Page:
What is a spirit bear?

How these pale-pelted mammals turn their colouring to their advantage

Image credit: Maximilian Helm

Species: Kermode bear

Ursus americanus kermodei

Size: Weight: 80–200kg, Length: 1.2–1.9m

Habitat: Found only in the Great Bear Rainforest, these bears build their winter dens beneath the forest’s dense canopy.

Diet: A spirit bear’s main source of food is fish, in particular Pacific salmon. Like all black bears, spirit bears are omnivores and therefore will eat fruits, nuts, plants and even carrion (rotting flesh) when fish is in short supply. Scientists think their white coats act in their favour when hunting for fish during daylight as they are harder for the fish to spot above the water.

Lifespan: 25 years in the wild

Threats: The biggest threat to this unique bear is disruptions in the coastal ecosystem. Declining salmon populations, tree logging and migrating grizzly bears could threaten this isolated species.


 

If you go down to Canada’s Great Bear Rainforest, you’re sure for a big surprise. Located at British Columbia’s northwestern coast, Canada, are dense forests spanning 21 million acres. Aptly named the Great Bear Rainforest, this Amazon of the north is home to some truly unique bears. American black bears are among the most common species, however only in the Great Bear Rainforest have these bears evolved with a different coloured coat. They are known as Kermode, or ‘spirit’, bears.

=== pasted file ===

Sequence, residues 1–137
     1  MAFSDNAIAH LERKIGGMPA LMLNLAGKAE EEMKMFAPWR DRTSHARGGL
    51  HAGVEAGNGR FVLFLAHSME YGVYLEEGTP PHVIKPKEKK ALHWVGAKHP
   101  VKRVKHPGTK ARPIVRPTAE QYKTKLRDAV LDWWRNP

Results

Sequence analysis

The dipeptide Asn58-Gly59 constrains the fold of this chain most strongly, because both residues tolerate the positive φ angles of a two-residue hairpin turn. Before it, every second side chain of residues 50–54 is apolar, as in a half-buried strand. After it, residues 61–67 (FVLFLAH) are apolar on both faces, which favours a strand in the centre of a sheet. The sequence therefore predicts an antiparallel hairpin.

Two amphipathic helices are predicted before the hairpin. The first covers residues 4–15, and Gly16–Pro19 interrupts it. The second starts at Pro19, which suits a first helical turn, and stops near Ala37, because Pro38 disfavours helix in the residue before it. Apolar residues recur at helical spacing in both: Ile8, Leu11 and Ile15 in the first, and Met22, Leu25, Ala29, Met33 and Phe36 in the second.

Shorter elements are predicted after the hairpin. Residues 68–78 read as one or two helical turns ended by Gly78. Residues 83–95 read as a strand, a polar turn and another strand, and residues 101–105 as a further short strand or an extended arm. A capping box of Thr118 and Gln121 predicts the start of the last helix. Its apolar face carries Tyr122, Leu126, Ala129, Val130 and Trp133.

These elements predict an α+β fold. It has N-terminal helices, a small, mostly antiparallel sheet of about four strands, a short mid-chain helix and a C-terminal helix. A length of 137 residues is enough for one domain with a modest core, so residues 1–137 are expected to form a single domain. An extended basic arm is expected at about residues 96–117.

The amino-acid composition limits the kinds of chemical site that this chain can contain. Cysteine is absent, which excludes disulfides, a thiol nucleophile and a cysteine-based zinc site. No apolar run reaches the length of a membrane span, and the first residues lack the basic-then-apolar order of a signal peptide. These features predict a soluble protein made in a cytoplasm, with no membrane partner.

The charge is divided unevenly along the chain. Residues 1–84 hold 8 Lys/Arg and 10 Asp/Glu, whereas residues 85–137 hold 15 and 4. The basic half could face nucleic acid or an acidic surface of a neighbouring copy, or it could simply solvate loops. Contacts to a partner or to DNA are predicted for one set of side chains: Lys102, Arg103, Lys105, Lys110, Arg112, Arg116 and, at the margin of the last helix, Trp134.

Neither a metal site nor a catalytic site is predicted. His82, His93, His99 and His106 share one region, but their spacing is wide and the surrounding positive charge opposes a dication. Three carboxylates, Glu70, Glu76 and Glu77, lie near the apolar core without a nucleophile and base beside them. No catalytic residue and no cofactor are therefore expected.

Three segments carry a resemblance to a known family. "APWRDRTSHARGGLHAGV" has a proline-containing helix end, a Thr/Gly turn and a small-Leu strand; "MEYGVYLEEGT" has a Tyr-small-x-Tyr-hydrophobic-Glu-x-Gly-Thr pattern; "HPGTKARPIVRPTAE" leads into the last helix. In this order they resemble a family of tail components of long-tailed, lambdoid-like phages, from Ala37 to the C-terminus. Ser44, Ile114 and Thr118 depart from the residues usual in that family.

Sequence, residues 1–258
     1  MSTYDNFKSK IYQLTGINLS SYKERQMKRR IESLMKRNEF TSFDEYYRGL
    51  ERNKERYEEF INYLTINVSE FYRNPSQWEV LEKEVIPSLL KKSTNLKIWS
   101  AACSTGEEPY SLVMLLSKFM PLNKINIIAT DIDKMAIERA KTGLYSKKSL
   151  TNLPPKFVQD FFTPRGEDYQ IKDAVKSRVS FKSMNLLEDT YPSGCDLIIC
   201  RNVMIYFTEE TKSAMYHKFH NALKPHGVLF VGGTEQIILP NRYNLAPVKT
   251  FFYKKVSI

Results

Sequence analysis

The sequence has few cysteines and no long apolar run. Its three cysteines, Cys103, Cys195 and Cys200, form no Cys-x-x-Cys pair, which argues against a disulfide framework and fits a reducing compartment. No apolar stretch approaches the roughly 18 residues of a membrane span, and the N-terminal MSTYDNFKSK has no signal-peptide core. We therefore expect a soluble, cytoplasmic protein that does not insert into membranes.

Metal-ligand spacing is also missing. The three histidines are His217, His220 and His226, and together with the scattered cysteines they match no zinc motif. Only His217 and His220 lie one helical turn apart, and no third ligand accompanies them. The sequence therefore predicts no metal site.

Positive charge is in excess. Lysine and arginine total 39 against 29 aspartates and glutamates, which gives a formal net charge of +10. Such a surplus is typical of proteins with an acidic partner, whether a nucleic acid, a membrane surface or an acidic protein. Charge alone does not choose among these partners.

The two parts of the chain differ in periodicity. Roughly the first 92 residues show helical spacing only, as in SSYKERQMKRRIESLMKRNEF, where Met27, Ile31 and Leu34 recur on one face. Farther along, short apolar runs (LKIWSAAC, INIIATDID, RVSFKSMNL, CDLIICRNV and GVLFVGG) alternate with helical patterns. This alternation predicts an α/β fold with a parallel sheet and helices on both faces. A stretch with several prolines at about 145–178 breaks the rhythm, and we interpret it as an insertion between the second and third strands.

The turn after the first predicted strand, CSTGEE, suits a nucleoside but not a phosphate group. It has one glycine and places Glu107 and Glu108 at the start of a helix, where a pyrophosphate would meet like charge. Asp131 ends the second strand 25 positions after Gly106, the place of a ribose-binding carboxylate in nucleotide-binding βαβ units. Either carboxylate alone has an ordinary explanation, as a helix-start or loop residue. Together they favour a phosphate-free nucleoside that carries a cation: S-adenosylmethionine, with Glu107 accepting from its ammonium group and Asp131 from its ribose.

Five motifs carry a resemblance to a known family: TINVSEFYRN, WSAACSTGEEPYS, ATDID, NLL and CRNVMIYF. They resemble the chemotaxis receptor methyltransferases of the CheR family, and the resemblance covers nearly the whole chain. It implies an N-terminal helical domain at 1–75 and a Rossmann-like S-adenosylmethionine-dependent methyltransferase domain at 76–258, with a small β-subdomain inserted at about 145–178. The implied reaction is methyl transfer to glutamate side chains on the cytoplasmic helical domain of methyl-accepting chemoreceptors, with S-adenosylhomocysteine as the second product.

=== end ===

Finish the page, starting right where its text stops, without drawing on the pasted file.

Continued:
Traditionally sporting black fur, it’s estimated that there could be as few as 100 left. The change in colour is thanks to a rare genetic variation in a gene called MC1R, which codes for a protein that sits on the surface of melanocytes, cells that produce melanin for colouration. This mutation in the gene is what causes the melanin to appear white instead of black. Though these bears are often mistakenly thought of as being albinos – when there is a lack of melanin in the fur and eyes – this is not the case, as like black bears, they have a dark nose and paws.

Researchers have found that thanks to their unusual appearance they are 30 per cent more effective in hunting during the daytime compared to their darker counterparts. This efficiency may have been one of the reasons they have maintained their genetic lineage since the mutation was first expressed. It is thought that due to the isolated nature of the forests the gene has not spread further than the bears residing in Great Bear Rainforest. Another explanation for their continued presence has been selective mating, meaning that spirit bears have a preference for other spirit bears and so the genetic mutation is passed down from generation to generation.

Creating a spirit bear

What is the likelihood of a bear cub being a black or spirit bear?


This article was originally published in How It Works issue 122


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